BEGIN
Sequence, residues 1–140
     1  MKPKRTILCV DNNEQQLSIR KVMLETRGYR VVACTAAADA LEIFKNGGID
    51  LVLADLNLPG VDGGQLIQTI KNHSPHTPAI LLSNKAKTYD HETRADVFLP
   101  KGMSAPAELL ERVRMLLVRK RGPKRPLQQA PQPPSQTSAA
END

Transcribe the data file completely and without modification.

Sequence, residues 1–140
     1  MKPKRTILCV DNNEQQLSIR KVMLETRGYR VVACTAAADA LEIFKNGGID
    51  LVLADLNLPG VDGGQLIQTI KNHSPHTPAI LLSNKAKTYD HETRADVFLP
   101  KGMSAPAELL ERVRMLLVRK RGPKRPLQQA PQPPSQTSAA